A remarkable post on LENR Forum — and posts like this are part of the reason that most scientists stay away.
[17 alleged examples of Dewey or Jed “misinformation.”] Here, I look at them, having known for a long time the tactic of presenting “overwhelming evidence” that vanishes when examined. Is that happening here?
Conclusion: IH Fanboy was creating noise, personally attacking Dewey and Jed, in a highly misleading way, with the effect of distracting from new information from Dewey about the lawsuit.
It [sic, “I”] said it is backpedaling, because it is. And that is actually a very generous term, considering the circumstances. You now say that there are “certain ‘other systems’ on the ‘customer’ side that have recently been discovered.” Whereas before, the claim was that the customer facility had been inspected, and that there was nothing more than a radiator and a fan. Here is a sampling of your prior misinformation.
IHFB is pursuing a theme that criticism of Rossi is stupidity or lying. In service of this, IHFB believes he has found clear contradiction. I’m going to look at what he cites. First of all, he conflates Jed and Dewey. They are different people, with different levels of knowledge and different personalities. IHFB was using this to discredit Dewey, most importantly, but only 5 out of 17 quotations were from Dewey. Both Jed and Dewey make what I would call “insufficiently qualified statements,” that can lead to apparent contradictions if one reads them as literally true. In fact, a literal meaning would be preposterous. We know, for example, that there was a large black box in the “customer area,” and that is not a radiator and fan. By misinterpreting what are substantial statements, what I woujld call “ordinary speech in hot conversation,” not intended to be taken as fully literal, and possibly only expressing what is known, not what is not known, one can create an appearance of contradiction. What were Jed and Dewey actually talking about? IHFB’s list:
Dewey Weaver, June 16, 2016. The essential idea is that there is nothing happening there but a radiator. Is that false, partially true, substantially true, or totally true? At this point we — the public — don’t know. Those who attach to a side (any side) may make statements that might possibly be in error, but are they misleading? I’ve been reading this idea for a long time now, and never derived from it that there was literally nothing there but a radiator and fan.
Jed Rothwell, November 12, 2016. The essential idea is “pretend factory,” and then there must be a way of dissipating the power. This is a long post, wherein Jed brings up many issues. Is there “equipment” in the “customer area,” claimed to be a chemical processing plant? What kind of equipment? How do we know? Rothwell refers to a photo. What photo?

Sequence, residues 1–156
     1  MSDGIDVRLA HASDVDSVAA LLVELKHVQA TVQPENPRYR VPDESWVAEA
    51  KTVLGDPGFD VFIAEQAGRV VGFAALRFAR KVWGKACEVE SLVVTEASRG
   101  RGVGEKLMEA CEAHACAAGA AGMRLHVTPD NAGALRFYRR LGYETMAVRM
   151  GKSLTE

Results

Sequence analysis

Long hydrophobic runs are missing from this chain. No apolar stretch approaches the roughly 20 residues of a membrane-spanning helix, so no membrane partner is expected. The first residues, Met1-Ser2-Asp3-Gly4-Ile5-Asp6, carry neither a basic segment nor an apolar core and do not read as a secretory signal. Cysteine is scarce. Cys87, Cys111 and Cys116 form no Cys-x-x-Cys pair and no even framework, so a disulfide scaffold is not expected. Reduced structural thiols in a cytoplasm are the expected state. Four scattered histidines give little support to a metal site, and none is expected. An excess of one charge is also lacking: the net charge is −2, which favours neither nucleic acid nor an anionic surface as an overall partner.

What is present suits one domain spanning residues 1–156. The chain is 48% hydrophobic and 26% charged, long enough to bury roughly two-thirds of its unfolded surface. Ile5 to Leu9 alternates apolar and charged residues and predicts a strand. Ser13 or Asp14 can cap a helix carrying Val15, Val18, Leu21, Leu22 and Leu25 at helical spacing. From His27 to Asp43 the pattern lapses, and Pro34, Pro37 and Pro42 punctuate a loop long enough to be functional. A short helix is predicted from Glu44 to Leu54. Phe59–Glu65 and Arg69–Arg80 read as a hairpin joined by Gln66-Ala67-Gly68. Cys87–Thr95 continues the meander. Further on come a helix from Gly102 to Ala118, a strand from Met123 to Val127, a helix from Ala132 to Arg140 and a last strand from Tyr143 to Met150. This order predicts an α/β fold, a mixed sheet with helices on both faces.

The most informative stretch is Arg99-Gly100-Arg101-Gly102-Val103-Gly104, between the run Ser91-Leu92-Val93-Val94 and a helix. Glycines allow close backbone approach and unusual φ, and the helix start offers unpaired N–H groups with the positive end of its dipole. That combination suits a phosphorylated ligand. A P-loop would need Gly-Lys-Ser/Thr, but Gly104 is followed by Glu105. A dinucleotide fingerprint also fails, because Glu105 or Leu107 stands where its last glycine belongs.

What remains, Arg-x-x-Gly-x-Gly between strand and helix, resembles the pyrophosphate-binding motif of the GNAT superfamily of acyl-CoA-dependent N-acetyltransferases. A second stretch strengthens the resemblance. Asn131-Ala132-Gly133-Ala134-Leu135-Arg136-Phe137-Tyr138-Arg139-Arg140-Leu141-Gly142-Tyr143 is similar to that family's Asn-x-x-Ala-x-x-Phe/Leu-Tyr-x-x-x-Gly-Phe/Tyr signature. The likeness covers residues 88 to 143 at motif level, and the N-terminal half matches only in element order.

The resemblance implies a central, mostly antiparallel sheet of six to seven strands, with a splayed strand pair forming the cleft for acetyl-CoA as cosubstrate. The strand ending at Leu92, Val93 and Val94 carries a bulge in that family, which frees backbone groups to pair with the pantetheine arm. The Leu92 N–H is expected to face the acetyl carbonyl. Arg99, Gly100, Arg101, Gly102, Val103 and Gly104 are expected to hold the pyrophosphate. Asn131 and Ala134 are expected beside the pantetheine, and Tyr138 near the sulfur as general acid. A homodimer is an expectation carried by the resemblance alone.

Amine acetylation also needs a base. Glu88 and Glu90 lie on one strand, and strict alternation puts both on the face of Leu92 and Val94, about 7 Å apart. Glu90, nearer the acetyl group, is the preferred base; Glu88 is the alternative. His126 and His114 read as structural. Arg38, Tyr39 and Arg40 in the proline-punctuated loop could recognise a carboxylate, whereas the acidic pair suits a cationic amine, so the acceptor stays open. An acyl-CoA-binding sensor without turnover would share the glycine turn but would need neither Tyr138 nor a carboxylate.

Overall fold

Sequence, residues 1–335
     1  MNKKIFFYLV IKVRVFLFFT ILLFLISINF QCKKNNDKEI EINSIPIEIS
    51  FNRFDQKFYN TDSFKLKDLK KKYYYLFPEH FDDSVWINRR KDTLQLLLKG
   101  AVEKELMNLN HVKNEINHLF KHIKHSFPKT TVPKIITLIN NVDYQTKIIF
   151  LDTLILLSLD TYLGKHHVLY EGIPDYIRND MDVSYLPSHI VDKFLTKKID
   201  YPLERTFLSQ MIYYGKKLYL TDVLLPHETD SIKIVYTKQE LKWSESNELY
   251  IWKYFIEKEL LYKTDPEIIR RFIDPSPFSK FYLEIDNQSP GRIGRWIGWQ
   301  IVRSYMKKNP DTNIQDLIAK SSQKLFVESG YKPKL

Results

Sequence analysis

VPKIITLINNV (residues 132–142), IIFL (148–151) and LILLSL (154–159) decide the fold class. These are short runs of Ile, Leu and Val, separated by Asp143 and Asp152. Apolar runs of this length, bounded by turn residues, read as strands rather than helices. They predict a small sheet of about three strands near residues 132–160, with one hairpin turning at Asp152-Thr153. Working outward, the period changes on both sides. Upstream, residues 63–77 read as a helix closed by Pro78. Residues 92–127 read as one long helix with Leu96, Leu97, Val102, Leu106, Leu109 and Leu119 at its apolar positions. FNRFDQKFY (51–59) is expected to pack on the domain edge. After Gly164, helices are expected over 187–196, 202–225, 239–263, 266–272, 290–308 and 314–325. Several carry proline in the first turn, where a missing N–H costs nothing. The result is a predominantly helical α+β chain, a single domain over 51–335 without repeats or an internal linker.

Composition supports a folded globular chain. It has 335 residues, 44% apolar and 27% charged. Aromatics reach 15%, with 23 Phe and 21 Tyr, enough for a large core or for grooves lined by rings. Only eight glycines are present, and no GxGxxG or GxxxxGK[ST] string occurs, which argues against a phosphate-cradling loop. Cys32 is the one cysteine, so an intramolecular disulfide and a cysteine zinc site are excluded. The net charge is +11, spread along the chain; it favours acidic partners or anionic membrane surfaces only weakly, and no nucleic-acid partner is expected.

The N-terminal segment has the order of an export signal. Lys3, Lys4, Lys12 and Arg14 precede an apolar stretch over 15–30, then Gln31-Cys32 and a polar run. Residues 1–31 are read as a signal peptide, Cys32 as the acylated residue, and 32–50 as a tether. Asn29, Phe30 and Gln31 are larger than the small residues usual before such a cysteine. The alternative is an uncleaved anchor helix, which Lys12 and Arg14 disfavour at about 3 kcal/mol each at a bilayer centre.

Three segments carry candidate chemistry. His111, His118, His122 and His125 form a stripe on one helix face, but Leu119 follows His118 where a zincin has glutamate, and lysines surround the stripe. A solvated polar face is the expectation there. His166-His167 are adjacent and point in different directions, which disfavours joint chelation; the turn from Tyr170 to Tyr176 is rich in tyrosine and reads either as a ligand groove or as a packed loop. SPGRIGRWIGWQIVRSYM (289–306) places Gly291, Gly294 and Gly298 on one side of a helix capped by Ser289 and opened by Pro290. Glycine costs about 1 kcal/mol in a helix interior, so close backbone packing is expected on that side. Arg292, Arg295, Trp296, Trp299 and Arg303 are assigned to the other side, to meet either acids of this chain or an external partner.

Jed Rothwell, May 21, 2016. Jed often has access to private eyewitness accounts. It’s not clear what he is referring to, but my sense is that someone saw “a radiator and fan” and didn’t see anything else. This is pretty simple. Expressed without full qualification, it is like all unqualified speech, it may be incomplete. Is this misleading, though? It would only be misleading if there was an actual factory there, something substantial beyond those items.
Dewey Weaver, May 18, 2016. This would be a reference to claims of endothermic reactions, and the idea that the only thermal effect was dissipation of heat by a radiator. I will look below at what is now suspected, probably based on discovery.
Jed Rothwell, November 1, 2016. Nothing that I have seen, so far, contradicts this. For example, there might be something else there, but not readily visible. Something that might have been overlooked by a witness reporting to Jed or Dewey. Or the statement was hyperbole from the start, i.e., a fact stated in black and white terms, very common in ordinary speech. “He was nothing but a liar” does not negate that the person might tell the truth once in a while! Or even often!
Dewey Weaver, May 21, 2016. It is essential to distinguish between fact and interpretation. The term “proof” is always interpretive, not fact, but people often use “proof” to mean “evidence.” Dewey is giving a list of 14 “facts.” Most are mixed fact and interpretation. Some of the factual basis alleged has been confirmed, some remains unconfirmed. The essence of this one is some third party witnessing or report that shows a radiator being in that room. “Just contained” may be hyperbole, or a witness actually said that. What is evidenced here is that Dewey writes polemic, not necessarily only testimony as to fact. Yet what is the substance? Is it misleading? IHFB’s apparent agenda here is to prove deception, to discredit testimony that is appearing. Has he done that? Not so far….
Jed Rothwell, October 22, 2016. That is, the Plant was a 20 kW electric heater, and then there was a radiator in the customer area, which he calls an “empty room.” We know the room was not literally “empty,” and Jed knows that. The word “empty’ here has a meaning from context. All speech is like that, but some speech can be carefully qualitied to avoid most of the possible misinterpretations. Most people don’t bother. Who was actually misled? The take-away here is fake power and fake “consumption.” Just a radiator …. But maybe there is something else. Like a pump, which could then explain the 0.0 barG reading. For me to assert that as a “fact” would be an error. I don’t know it. It is merely a possibility that occurs to me….
Dewey Weaver, May 20, 2016. Pretty straightforward, assuming that Dewey knows of, say, an inspector who saw a radiator and who reported this, in writing or verbally, to IH. That would easily be translated to “only a radiator.” In fact, even if there were a legitimate plant, there would still be a radiator, very likely. Dewey was not explaining the legal process well. This particular issue may never come before the Judge. And Dewey was predicting that Rossi would flee, here it was to Sweden, and that remains possible. Penon is in hiding, which largely demolishes the utility of the Penon Report for Rossi.